ARCHAEOLOGISTS have uncovered fresh evidence of a Roman invasion of Scotland under an Ayrshire playing field.

A marching camp used by the Legions as they made their way along the coast was found by a team carrying out work prior to the building of the new Ayr Academy.

It is thought to date back to the first century AD, when an army under Agricola, the Roman Governor of Britain, fought its way up to Aberdeenshire and defeated an army of Caledonians at the battle of Mons Grampius.

It was previously thought the only two known routes for the Roman invasion were further to the east; the present-day M74 and A68 roads follow these same courses.

But the new marching camp at Ayr reveals another route down the west coast towards the south-west tip of Scotland, from where Ireland is readily visible.

The discovery was made during archaeological excavations undertaken by GUARD Archaeology, but only became apparent upon post-excavation analyses and radiocarbon dating.

HeraldScotland:

Iraia Arabaolaza, who directed the excavation, said: ‘There was a ford across the river Ayr just below the Roman marching camp while ships may have been beached on the nearby shoreline.

"The Ayr marching camp is 20 miles from the nearest Roman camp to the south at Girvan, which corresponds to a day’s march for a Roman soldier.

"There is a little more distance to other Roman camps to the north-east near Strathaven. Altogether this suggests that this site was chosen as a strategic location for the Roman conquest of Ayrshire."

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Roman marching camps have been described as the temporary bases of a tented army on campaign. While most Roman camps are usually recognised by the regular linear ditches which enclose them, landscaping or ploughing at the Ayr Academy site appears to have destroyed any such remains.

The camp at Ayr Academy, however, shares other similarities with Roman camps in Scotland, which have also revealed similar formations of fire-pits or camp-ovens.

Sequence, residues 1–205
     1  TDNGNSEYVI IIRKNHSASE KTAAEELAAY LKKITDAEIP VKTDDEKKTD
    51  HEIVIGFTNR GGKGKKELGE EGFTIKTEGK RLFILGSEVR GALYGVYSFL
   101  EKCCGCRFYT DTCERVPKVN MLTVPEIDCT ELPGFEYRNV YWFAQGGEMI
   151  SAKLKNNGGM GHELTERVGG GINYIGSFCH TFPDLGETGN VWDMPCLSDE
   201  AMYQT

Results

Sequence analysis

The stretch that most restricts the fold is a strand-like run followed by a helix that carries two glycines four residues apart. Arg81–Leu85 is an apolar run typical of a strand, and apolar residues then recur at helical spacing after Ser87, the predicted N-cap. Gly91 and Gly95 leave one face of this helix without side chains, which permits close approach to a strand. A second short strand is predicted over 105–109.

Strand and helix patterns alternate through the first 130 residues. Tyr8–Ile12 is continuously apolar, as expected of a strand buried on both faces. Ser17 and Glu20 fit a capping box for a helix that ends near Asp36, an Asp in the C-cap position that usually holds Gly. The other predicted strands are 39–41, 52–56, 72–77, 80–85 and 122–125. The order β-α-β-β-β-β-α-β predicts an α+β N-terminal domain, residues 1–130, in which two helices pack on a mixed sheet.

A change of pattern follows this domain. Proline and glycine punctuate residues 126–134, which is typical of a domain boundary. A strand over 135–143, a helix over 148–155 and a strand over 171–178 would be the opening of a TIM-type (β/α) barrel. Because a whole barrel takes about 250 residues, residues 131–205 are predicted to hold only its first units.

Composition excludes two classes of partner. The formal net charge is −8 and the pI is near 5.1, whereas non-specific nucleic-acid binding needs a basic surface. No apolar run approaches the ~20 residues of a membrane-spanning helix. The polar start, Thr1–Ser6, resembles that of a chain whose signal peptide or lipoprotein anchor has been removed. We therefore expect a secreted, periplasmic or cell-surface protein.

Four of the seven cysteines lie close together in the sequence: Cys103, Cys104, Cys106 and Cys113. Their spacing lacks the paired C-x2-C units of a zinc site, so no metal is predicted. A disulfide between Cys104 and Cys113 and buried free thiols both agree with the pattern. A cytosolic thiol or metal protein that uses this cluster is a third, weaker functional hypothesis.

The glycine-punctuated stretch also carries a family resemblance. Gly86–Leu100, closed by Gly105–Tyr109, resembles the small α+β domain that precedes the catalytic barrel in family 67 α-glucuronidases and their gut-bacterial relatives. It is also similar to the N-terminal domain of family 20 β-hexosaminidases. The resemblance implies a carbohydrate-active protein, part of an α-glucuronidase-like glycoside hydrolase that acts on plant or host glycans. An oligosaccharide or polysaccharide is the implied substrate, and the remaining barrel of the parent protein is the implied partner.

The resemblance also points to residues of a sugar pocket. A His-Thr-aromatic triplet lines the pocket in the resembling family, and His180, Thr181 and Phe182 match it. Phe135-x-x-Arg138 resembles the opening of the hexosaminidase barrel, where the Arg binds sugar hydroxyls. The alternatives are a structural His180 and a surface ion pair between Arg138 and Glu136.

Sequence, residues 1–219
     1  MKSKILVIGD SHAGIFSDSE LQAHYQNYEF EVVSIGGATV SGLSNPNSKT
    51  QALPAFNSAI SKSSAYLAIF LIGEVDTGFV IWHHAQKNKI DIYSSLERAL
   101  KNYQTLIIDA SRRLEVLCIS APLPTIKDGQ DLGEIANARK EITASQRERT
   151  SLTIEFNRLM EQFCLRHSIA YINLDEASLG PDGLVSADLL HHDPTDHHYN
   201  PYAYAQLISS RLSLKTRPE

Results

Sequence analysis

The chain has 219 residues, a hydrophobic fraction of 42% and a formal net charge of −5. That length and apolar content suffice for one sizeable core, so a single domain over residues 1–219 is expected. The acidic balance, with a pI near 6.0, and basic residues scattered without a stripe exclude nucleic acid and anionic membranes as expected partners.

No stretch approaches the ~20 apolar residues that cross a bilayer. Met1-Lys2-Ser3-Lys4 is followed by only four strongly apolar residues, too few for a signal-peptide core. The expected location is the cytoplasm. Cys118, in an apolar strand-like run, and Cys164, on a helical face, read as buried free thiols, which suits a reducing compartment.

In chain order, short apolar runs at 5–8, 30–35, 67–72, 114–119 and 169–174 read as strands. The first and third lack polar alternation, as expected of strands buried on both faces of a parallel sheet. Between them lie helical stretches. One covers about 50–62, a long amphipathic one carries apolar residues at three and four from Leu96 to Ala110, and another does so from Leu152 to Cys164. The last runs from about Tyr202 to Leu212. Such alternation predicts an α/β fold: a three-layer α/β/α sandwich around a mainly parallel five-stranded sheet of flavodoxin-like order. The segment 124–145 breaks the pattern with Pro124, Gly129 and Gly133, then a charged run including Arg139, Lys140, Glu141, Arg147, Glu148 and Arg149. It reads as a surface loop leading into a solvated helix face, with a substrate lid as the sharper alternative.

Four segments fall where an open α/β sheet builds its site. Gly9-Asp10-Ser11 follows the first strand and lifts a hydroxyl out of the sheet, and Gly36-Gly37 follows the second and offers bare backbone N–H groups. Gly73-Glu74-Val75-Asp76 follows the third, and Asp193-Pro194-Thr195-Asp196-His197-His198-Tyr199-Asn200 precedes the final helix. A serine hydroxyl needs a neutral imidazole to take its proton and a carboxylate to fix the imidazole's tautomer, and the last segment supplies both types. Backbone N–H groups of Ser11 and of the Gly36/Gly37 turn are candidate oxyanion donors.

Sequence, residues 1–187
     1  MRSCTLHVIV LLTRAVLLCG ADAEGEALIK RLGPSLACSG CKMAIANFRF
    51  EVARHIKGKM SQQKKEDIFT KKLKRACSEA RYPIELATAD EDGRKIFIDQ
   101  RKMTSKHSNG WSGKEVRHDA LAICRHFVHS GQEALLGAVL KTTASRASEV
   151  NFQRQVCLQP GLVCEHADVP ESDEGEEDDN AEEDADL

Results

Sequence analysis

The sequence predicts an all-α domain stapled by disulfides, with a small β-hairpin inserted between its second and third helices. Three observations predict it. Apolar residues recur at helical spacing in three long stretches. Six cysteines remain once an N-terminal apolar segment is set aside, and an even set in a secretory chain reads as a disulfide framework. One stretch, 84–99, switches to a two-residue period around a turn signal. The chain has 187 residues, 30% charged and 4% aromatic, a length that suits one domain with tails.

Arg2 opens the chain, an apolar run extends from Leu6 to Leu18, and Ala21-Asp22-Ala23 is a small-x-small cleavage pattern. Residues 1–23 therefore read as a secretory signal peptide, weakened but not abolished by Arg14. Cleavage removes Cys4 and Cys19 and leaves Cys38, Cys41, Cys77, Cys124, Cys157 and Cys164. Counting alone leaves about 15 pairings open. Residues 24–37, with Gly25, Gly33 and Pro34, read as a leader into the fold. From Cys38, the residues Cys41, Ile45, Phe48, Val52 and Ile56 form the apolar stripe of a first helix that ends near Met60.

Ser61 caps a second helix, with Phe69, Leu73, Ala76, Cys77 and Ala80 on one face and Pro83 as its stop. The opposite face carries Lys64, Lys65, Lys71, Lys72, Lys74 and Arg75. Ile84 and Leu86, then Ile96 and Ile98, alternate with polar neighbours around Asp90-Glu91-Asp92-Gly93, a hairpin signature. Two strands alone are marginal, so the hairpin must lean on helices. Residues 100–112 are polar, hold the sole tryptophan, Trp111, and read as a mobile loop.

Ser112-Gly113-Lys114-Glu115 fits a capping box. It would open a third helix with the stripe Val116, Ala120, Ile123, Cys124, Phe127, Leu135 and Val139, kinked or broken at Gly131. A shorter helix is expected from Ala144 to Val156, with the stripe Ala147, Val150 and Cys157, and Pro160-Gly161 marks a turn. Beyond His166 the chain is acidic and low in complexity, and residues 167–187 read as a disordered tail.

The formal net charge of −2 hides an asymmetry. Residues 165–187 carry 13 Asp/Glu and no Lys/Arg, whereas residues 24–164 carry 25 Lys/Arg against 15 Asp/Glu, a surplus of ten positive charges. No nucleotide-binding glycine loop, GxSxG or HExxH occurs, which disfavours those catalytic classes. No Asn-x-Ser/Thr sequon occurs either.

Ms Arabaolaza said: "The Roman features comprised 26 large, often double, fire-pits that were distributed evenly in two parallel rows 30m apart. The arrangement and uniformity of these features implies an organised layout and the evidence suggests that they were all used for baking bread.

"The location of the oven was recognised by the scorching of the subsoil base, stone slabs and burnt clay fragments, some with wood imprints and with dome moulding. Ash pits were identified at the opposite end to the ovens within these figure-of-eight features, filled with burnt and charcoal-rich soil comprising the raked-out material from the clay-domed ovens."

It is also possible that the archaeological remains only represent a portion of the camp, which may have extended into the flat land to the north, where the modern racecourse is situated.

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Archaeologists said that the Romans were not the first people to occupy the site. Traces of the local Iron Age population were recovered during the excavation, including a fragment of a shale bracelet, along with pits and post-holes that date to much earlier times.

Evidence of Bronze Age ritual activity from the late third and second millennium BC, a Neolithic settlement from the fourth millennium BC and a Mesolithic hunter/gatherer camp from the sixth millennium BC was also discovered, revealing the area to be one of the earliest and most complex prehistoric sites in this part of the west coast of Scotland.

This indicates the earliest occupation of the Ayr Academy site goes back to around 5200 BC, roughly twice as old as the Roman Marching Camp.

After defeating the Caledonians, Agricola returned south. Scotland would be invaded by the Romans again a century later when the Emperor Septimus Severus ventured north to put down raiding tribes.

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Ms Arabaolaza will present her findings at the Archaeological Research in Progress 2019 Conference in Edinburgh on Saturday.